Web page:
Research Studies by S. Bouisson, F. Cappa, A.I. Chemenda, S. El Bedoui, Y. Guglielmi, H. Jomard and T. Lebourg, Geoazur, UNS, Nice, France ; J.L. Pérez, LRPC, CETE Méditerranée, Nice, France ; P. Valty, LAREG, ENSG, Marne la Vallée, France.
Regarding the landslide dimensions, 1,100 meters long and 750 meters high, and its volume around 60 million cubic meters, the La Clapière landslide is considered as the most important landslide in Europe.
The main scientific issues rely on the understanding of kinematics, mass movement mechanism, and the interactions between external forcings and failure dynamics. While the La Clapière landslide has been slowing down since 2000, it is showing seasonal increasing phases and new upper areas likely to move. The latest studies H. Jomard, 2006 and S. El Bedoui et al, 2009 defined the La Clapière landslide as the visible and active part of a larger mass (Colle Longue DSGSD). Taking into account the whole movements including the most important ones that occured in 1987, we can notice that the measured surface velocities in limited time period and space reach more than 100 mm per day, i.e. an estimated annual displacement rate equal to more than 15 m per year. That case of crisis time has needed specific integrated management:
the detour of the former road leading to the village (nowadays buried under the slope foot),
the building of a diversion tunnel for the Tinée River.
The diversion tunnel is an overspill gallery (sized for a 10 year return period flood) 2,500 m long, built on the right bank of the Tinée River. The purpose of the structure is to prevent from risks that should be generated by the creation of a natural reservoir, in case of mass slide. Since the 2000s it seems the general displacement of the slope has been slowing down although few more active phases are described, in particular in 2001 and probably in 2009 because of exceptional cumulated snow recordings, superior to 8 m. A geomorphology monitoring is carried out on the fringe of the slide regularly, that shows a weak upper propagation of the recent deformations (nevertheless significant with regard to risk prevention). At the time the generalized sliding movement seems to make way for a progressive breakdown of the slope into sheets related to the lenticular structures. Thus the morphology seems slightly affected. For a few years the landslide has shown a heterogeneous evolution with ’stabilized’ parts (slope foot, where rock falls remain) and still mobile parts (NE upper part).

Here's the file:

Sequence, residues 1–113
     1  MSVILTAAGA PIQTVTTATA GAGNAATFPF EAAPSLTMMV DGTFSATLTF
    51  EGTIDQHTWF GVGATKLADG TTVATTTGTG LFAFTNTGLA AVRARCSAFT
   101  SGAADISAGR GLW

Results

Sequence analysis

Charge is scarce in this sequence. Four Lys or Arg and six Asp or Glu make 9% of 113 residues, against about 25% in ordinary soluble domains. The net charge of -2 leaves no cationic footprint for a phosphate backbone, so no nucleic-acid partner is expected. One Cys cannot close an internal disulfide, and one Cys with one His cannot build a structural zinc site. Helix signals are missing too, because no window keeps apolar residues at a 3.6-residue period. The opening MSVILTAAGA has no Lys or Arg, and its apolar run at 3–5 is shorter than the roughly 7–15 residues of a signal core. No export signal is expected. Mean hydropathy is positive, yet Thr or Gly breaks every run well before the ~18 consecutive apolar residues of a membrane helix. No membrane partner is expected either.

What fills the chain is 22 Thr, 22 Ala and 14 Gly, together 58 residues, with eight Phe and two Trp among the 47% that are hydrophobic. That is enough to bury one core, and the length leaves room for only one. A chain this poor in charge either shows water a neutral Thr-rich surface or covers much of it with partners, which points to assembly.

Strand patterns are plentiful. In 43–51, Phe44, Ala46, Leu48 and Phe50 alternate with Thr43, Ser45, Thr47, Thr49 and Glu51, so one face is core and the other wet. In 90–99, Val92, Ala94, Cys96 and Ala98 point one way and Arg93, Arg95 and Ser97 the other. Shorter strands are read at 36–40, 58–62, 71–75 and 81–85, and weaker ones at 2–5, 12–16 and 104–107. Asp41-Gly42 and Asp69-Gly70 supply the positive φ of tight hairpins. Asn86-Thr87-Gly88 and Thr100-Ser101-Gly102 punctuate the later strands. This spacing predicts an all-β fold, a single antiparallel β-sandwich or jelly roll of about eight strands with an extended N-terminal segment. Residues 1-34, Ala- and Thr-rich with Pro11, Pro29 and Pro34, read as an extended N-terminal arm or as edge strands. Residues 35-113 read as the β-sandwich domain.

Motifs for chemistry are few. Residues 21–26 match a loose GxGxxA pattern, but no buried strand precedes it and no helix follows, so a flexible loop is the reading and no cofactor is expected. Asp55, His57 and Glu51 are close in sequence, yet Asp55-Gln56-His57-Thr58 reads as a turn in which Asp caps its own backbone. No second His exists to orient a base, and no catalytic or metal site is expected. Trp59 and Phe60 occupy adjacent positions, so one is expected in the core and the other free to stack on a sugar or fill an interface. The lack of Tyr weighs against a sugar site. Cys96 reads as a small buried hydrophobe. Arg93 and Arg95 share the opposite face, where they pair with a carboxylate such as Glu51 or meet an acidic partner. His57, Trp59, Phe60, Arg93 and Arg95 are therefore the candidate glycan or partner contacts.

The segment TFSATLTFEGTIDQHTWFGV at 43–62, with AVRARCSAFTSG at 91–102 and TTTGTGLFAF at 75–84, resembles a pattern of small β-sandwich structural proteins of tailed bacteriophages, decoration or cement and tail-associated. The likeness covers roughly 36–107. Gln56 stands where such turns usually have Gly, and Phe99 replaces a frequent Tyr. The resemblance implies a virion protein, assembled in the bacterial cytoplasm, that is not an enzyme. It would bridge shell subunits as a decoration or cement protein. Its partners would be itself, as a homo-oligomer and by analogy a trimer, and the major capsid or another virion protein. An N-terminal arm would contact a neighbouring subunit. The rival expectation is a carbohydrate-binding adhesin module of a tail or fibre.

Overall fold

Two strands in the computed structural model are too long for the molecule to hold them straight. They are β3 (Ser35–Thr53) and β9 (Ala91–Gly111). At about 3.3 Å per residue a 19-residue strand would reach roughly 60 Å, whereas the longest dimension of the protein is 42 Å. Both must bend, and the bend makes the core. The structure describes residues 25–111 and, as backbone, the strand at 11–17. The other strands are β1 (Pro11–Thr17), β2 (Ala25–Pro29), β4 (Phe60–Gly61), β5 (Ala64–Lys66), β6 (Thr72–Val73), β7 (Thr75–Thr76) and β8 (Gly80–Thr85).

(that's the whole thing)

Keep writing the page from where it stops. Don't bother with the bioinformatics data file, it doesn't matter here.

The origin of the landslide has been one of the scientific issues among the stakeholders since the occurrence of the first main disorders and in particular since the 1987 crisis. It is still subject for debates. The assumptions that are the most often put forward associate pre-disposal factors and triggering factors:
the decompression of the slope following the smelting of the Tinée Valley glacier,
the thinning down of the Iglière bar in the Rabuons Valley, put forward as a pre-disposal factor even if the structure is usually described as an anchorage point of the slope,
the dissolution of Triassic gypsum at the slope foot (F. Compagnon et al, 1997),
the intensity of the structural pre-rupture (fractures at all scales),
erosion by the Tinée River at the slope foot,
hydromechanical behaviours over a long period (F. Cappa et al, 2004 ; Y. Guglielmi et al, 2005).
The majority of authors agree on the statement that the La Clapière existence has its origin in the superimposition of unfavourable factors and throw out the assumption of a unique cause. The latest updates set up by H. Jomard et al, 2007 allowed to include the slope into the Colle Longue DSGSD. Thus the site associates a ’recent’ catastrophic movement in terms of geological times with a post-glacial gravitational deformation, i.e. a gravitational deformation over 10,000 years.